Examples of the ostensible political and commercial interests shaping the reality of web access are widely evident. One of my peers will not have access to major social media platforms when she returns to China. Facebook’s Free Basics initiative in Africa provides free access to the site but has been criticised for being more about market domination than about providing access to the benefits that the web brings. (Shearlaw, 2016) However there are inspiring examples like the Quipu project, which conscientiously make use of other technologies to overcome the fact that, for these communities, like many populations globally, there simply is no internet. (The Quipu Project)

Rigour and Equity of Access

Less apparent though, are the deeper cultural and ideological influences that can perpetuate systemic conditions of bias. In practice many groups remain marginalised from the technology, theory and practice of an open and free web.  Widner’s critical review of the Genius web annotation tool demonstrates how open web communities can re-inscribe societies biases. He stresses the importance of applying scholarly rigour to new digital platforms for knowledge production.

“…we must ask: is the Genius community like most others on the Internet? Is it young, white, straight males?

The answer is “yes.”

According to survey results of approximately 240 users, over 90% of the site users are male.

Just under 80% are 20 years old or younger. Around 87% are heterosexual. 86% lack a college degree (no doubt an artifact of the incredibly young age of the survey respondents). The top two races are white (58%) and black (17%).”

(Widner, 2105)

When discussing an open and free web, it is essential to critically examine the underlying systems. What is free and open, and to whom? Who controls the access, who doesn’t have access and what are social, cultural and economic implications of these exclusions? In short, ensuring not just open access, but also equity of access is crucial.

The current #NetNeutrality campaign in the US is building support to ensure that Internet service providers treat all data the same. Campaigners hope to prevent a situation where content can be blocked by your internet service provider or subjected to additional charges.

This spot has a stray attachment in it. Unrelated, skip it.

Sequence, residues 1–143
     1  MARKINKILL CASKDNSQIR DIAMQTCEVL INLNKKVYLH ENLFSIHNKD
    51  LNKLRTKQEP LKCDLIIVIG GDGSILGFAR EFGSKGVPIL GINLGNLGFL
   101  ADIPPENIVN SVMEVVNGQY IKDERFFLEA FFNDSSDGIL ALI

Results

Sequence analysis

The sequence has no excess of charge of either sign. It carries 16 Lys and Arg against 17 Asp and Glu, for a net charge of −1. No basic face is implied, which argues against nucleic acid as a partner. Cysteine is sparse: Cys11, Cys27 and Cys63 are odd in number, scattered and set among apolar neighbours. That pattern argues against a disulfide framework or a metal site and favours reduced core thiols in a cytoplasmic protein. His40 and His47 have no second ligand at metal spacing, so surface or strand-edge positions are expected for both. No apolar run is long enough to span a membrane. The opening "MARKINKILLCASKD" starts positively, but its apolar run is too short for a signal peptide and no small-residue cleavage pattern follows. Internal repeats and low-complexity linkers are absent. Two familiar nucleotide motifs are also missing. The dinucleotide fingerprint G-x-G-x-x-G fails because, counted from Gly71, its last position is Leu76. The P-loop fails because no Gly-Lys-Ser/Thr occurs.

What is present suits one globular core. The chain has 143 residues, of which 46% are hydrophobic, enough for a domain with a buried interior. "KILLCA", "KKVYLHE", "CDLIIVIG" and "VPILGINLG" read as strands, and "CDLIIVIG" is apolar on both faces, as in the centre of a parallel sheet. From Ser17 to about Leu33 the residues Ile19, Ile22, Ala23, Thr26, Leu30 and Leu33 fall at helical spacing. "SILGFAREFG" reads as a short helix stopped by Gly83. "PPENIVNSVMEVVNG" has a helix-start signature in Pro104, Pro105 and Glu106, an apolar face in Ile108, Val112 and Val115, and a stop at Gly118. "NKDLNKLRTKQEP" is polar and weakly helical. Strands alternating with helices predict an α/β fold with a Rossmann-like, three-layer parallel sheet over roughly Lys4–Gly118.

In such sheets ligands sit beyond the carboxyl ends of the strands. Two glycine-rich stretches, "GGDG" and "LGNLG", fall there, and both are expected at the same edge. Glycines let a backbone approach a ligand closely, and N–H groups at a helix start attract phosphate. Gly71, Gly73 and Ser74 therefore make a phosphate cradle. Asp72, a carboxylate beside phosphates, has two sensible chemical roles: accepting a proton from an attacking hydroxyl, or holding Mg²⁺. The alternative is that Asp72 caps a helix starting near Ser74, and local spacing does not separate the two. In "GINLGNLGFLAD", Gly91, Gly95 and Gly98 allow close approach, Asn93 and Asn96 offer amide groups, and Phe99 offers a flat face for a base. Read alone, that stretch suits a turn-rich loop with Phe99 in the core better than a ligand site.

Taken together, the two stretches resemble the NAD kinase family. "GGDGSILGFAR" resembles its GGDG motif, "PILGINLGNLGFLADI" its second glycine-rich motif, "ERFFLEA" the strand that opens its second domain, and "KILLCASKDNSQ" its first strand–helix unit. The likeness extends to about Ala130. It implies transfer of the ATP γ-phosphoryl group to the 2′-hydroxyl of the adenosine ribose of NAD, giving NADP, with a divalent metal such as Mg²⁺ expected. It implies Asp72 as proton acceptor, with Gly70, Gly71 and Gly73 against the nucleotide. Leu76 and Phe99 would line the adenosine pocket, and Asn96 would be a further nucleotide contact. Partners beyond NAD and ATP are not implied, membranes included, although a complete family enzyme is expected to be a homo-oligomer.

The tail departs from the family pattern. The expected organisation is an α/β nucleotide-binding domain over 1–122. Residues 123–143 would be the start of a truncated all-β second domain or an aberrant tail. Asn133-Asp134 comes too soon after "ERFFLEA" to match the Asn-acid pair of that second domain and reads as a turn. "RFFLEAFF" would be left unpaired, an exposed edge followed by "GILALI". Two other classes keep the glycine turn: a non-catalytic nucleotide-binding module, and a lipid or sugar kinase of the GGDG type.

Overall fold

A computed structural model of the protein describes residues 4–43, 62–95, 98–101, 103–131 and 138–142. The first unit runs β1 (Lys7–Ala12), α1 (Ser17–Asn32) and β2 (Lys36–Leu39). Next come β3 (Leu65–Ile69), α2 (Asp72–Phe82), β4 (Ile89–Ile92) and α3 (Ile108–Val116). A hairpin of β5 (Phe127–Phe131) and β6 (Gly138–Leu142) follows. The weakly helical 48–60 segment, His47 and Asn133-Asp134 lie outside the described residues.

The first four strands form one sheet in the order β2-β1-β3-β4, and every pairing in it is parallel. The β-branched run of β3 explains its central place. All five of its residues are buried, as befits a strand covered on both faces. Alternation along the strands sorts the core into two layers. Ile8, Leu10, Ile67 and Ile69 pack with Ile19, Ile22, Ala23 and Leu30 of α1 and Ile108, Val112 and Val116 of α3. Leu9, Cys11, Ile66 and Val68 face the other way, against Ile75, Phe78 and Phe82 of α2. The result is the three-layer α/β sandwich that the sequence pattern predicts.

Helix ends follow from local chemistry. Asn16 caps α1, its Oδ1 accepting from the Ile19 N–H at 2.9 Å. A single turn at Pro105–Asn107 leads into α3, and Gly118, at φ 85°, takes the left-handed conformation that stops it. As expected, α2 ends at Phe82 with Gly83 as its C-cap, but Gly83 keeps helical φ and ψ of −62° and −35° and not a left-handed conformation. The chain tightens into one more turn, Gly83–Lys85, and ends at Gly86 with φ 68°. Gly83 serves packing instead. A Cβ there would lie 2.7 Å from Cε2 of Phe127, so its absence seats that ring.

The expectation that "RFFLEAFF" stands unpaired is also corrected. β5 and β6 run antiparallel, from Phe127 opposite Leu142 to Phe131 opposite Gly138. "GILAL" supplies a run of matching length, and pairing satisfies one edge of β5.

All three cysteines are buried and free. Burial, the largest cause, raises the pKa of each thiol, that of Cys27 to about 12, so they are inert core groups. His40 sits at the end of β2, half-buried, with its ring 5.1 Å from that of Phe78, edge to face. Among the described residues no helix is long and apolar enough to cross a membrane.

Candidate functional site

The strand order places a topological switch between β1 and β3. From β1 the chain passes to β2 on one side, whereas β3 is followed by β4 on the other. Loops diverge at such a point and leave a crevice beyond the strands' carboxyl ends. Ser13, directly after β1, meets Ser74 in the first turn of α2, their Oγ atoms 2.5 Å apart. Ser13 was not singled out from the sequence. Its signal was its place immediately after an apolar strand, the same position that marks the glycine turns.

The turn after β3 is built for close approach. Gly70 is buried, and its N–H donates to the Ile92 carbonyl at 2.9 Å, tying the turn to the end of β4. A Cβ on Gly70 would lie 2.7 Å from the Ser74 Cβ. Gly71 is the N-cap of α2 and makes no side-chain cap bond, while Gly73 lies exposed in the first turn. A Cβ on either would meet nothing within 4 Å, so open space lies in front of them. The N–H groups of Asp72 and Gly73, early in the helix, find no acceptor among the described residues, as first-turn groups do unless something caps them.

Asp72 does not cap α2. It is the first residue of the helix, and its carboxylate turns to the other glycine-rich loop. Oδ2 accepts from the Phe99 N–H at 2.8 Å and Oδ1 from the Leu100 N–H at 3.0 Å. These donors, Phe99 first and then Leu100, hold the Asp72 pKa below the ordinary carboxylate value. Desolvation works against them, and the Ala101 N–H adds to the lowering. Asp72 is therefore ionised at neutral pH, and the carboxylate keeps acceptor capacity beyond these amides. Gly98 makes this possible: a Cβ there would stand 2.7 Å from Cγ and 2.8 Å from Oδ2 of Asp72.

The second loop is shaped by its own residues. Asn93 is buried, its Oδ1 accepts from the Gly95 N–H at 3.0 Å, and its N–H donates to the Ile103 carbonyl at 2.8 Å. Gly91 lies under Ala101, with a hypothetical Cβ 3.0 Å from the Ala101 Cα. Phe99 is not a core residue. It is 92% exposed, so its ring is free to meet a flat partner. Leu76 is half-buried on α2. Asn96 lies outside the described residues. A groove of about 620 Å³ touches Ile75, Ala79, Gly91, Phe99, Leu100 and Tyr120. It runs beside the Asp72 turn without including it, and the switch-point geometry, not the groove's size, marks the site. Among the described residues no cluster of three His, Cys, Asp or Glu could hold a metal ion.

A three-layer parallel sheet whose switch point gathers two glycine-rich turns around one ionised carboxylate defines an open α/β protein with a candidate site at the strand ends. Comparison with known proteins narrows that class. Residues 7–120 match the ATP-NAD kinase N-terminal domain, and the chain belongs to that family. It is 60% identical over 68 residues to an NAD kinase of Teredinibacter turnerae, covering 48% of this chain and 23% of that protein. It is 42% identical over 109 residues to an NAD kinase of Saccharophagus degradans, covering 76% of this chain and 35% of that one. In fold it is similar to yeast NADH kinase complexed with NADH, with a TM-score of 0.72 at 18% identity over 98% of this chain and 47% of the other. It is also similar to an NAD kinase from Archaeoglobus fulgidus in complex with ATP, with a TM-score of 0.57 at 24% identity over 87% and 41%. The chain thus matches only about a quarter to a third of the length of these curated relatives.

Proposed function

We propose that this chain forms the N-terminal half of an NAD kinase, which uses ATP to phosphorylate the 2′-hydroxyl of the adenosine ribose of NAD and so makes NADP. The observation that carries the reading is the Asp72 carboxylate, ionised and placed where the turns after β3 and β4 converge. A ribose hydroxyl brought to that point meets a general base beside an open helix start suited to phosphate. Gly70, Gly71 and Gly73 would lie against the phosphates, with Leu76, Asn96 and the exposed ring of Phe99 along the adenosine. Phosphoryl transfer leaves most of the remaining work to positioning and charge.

(Chaudhry, 2017)

Higher education institutes have a remit and responsibility to be stewards of information. They should be actively engaged in campaigns like these. Academic communities can bring both political sway and critical mass to these civic issues.




Campus Engage Ireland, 2014. Campus Engage Charter for Higher Education Civic and Community Engagement [WWW Document]. URL (accessed 12.3.17).

Chaudhry, M.A., 2017. Imagine poor students who see this image & won’t be able to do their homework if #NetNeutrality @hashtag.

Knappenberger, B, 2014. The Internet’s Own Boy; Official Trailer, Film Buff. YouTube Movies [WWW Document] (accessed 18.02.2018)

Milner, R.M., 2013. Pop Polyvocality: Internet Memes, Public Participation, and the Occupy Wall Street Movement. Int. J. Commun. 7, 34.

Mosa, H., 2010. BBC – The Virtual Revolution – Programme 3: the cost of free [WWW Document]. URL (accessed 12.3.17).

Shearlaw, M., 2016. Facebook lures Africa with free internet – but what is the hidden cost? [WWW Document]. the Guardian. URL (accessed 12.3.17).

Shillingsburg, P.L., 2006. From Gutenberg to Google: electronic representations of literary texts. Cambridge University Press, Cambridge, UK; New York.

The Quipu Project [WWW Document], n.d. URL (accessed 12.1.17).

Treanor, J., 2015. Half of world’s wealth now in hands of 1% of population – report [WWW Document]. the Guardian. URL (accessed 12.3.17).

Warlock, K., 2004. The pros and cons of Open Acces [WWW Document]. URL (accessed 12.3.17).

Widner, M., 2105. The Problems with Genius, Part One: Online Annotations, Consensus, and Bias | Manuscripts and Machines [WWW Document]. Lacuna Stories. URL (accessed 12.3.17).